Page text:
We dig these gems new genealogy records online Every Friday, we blog about new genealogy records online. Do any collections below relate to your family history? Please share with genealogy buddies or societies that might be interested! This week:

BRITISH NEWSPAPERS. Over 800,000 new articles have been added to the British newspaper collections at Findmypast. You’ll find coverage from 19 new newspapers, along with over 138,000 new articles in The Berwick Advertiser, over 108,000 in The Sheffield Evening Telegraph and over 60,000 in The Falkirk Herald. Click here to read more about the additions.

CANADA YEARBOOKS. Ancestry just released over 1 million Canadian yearbook entries between 1908 and 2010. These span middle school to college years and can help fill in an ancestor’s younger years while pinpointing a family residence for that year. Note: these records were indexed by OCR and may contain errors. Be sure to browse them as well as search!

ENGLAND SYNAGOGUES. TheGenealogist has released online 99,500 records of London synagogue seat-holders spanning the years from 1920 to 1939. Eighteen synagogues and affiliated guilds, societies and charities are represented. These include “names of gentlemen eligible for office, life member of the council, women who are seatholders in their own right and seatholders who are not eligible to vote….These fully indexed records allow family historians to search by name, keyword, synagogue and address and with one click see an image taken from the pages of Seatholders for Synagogues in London.”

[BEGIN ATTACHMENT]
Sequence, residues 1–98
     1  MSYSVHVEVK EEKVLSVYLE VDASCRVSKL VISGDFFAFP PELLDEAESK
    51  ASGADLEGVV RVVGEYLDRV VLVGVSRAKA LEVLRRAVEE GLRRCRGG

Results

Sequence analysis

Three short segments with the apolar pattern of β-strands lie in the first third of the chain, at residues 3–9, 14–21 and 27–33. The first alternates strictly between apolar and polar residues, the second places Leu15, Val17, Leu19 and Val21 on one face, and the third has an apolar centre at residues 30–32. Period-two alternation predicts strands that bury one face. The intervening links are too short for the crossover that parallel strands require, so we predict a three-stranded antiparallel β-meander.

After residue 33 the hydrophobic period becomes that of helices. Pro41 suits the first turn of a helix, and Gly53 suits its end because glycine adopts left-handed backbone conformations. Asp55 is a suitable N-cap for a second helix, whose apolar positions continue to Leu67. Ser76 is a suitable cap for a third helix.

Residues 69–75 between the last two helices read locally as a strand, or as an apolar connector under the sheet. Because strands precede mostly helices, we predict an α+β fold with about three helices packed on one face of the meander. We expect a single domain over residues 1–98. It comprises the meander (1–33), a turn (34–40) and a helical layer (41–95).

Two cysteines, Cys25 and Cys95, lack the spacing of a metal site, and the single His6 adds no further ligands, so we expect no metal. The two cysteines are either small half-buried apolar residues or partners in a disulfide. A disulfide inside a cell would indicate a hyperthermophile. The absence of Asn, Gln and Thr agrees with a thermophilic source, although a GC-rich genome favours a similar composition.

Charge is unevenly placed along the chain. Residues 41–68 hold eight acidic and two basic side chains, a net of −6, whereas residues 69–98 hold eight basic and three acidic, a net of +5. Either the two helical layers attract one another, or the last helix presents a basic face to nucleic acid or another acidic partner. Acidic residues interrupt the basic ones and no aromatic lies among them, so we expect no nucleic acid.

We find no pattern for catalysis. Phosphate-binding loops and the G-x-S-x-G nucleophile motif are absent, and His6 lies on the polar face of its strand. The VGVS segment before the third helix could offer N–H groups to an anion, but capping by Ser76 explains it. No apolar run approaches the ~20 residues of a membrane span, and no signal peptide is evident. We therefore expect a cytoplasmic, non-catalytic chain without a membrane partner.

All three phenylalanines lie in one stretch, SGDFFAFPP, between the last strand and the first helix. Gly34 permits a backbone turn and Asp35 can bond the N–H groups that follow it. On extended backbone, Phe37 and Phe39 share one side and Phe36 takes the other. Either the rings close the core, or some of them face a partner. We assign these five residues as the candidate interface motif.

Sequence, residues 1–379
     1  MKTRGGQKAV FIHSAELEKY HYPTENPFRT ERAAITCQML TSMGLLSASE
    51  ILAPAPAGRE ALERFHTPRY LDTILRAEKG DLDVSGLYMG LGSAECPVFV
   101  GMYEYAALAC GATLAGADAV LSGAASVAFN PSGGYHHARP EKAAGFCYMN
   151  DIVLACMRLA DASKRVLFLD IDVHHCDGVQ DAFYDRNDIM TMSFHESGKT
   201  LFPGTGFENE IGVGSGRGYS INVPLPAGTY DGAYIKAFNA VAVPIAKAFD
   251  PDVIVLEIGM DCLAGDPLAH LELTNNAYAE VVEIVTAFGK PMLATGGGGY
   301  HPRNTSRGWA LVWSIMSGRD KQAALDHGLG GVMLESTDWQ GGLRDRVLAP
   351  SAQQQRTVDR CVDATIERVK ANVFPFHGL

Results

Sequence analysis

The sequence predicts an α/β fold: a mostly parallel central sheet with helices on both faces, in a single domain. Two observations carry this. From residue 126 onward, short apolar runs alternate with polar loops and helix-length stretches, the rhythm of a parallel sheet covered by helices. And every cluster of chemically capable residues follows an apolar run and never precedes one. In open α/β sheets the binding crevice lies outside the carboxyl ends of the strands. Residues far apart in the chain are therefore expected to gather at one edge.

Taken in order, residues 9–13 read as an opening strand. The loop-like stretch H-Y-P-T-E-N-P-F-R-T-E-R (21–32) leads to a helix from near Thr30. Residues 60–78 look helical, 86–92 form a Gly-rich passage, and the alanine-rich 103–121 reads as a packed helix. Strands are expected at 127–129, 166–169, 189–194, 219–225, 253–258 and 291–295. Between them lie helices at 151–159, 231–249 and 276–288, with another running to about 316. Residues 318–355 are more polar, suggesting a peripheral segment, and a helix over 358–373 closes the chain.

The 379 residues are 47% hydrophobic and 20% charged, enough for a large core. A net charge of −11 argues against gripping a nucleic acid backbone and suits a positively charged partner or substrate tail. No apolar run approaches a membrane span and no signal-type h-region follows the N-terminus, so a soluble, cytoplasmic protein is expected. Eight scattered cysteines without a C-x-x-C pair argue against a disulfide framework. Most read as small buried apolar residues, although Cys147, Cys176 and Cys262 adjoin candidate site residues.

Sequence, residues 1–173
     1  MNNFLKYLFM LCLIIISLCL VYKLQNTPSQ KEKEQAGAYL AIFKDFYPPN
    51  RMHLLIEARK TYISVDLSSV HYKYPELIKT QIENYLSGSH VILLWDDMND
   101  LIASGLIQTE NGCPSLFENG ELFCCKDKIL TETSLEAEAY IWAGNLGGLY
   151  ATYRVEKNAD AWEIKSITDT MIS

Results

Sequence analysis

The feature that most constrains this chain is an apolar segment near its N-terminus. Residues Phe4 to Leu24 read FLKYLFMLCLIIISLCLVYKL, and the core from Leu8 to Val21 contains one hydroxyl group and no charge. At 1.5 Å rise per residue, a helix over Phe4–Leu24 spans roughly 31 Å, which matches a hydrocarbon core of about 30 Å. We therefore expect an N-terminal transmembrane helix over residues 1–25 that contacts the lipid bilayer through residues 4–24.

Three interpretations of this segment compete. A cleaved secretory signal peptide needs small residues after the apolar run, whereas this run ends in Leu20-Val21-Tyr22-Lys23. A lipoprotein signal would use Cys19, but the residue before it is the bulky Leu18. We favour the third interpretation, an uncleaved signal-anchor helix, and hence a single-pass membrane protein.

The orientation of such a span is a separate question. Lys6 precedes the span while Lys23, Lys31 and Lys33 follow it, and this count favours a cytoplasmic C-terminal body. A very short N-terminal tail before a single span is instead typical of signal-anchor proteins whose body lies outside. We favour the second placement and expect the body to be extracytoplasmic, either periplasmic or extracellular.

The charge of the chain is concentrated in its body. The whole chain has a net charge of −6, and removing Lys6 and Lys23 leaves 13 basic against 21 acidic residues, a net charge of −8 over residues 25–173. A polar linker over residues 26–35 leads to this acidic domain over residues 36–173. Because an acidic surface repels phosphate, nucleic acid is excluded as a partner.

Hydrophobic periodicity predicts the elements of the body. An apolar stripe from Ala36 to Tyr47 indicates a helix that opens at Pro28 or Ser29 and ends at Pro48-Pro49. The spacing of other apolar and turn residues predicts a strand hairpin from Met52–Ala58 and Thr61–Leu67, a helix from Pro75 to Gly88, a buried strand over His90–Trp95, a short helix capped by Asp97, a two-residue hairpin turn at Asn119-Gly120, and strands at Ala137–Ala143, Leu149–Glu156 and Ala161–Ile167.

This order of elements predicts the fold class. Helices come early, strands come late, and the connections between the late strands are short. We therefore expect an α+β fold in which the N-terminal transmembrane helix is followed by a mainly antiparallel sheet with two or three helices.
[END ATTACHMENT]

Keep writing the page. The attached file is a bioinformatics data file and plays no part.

US SOCIAL SECURITY. This is a critical update to our ability to access information in U.S. Social Security applications! This Ancestry index from applications and claims for 1936-2007. “This database picks up where the Social Security Death Index (SSDI) leaves off by providing more details than those included in the SSDI,” says the database description. “It includes information filed with the Social Security Administration through the application or claims process, including valuable details such as birth date, birth place, and parents’ names. While you will not find everybody who is listed in the SSDI in this database, data has been extracted for more than 49 million people.” Some data will not appear for newer records; click the above link to read more about it.

Pin It on Pinterest

Share This
MENU